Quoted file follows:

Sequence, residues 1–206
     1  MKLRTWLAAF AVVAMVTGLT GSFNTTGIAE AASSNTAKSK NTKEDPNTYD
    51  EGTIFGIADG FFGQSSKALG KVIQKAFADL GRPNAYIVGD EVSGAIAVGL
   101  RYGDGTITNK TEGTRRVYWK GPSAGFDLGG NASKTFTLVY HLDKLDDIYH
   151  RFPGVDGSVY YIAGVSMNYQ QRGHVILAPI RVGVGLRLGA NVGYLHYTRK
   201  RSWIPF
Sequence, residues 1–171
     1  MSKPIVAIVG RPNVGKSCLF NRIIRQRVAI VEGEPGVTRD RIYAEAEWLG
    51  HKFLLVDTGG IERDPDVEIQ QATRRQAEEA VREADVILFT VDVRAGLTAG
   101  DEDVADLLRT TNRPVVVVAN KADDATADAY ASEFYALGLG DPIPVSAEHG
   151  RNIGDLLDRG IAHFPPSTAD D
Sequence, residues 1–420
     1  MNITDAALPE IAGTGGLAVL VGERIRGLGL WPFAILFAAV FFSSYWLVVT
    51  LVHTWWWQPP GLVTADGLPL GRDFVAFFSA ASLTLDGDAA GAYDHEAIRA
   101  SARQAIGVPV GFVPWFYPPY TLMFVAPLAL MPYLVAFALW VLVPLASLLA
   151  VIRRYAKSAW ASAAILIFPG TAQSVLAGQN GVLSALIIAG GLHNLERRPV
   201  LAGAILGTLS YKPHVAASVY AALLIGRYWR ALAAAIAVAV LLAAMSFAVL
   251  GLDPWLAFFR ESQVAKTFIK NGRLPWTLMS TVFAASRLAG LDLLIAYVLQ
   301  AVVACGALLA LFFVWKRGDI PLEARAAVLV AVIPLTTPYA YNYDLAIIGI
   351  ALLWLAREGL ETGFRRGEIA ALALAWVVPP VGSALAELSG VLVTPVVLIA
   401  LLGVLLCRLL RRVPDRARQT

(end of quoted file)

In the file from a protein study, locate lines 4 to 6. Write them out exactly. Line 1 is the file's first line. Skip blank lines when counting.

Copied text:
   101  RYGDGTITNK TEGTRRVYWK GPSAGFDLGG NASKTFTLVY HLDKLDDIYH
   151  RFPGVDGSVY YIAGVSMNYQ QRGHVILAPI RVGVGLRLGA NVGYLHYTRK
   201  RSWIPF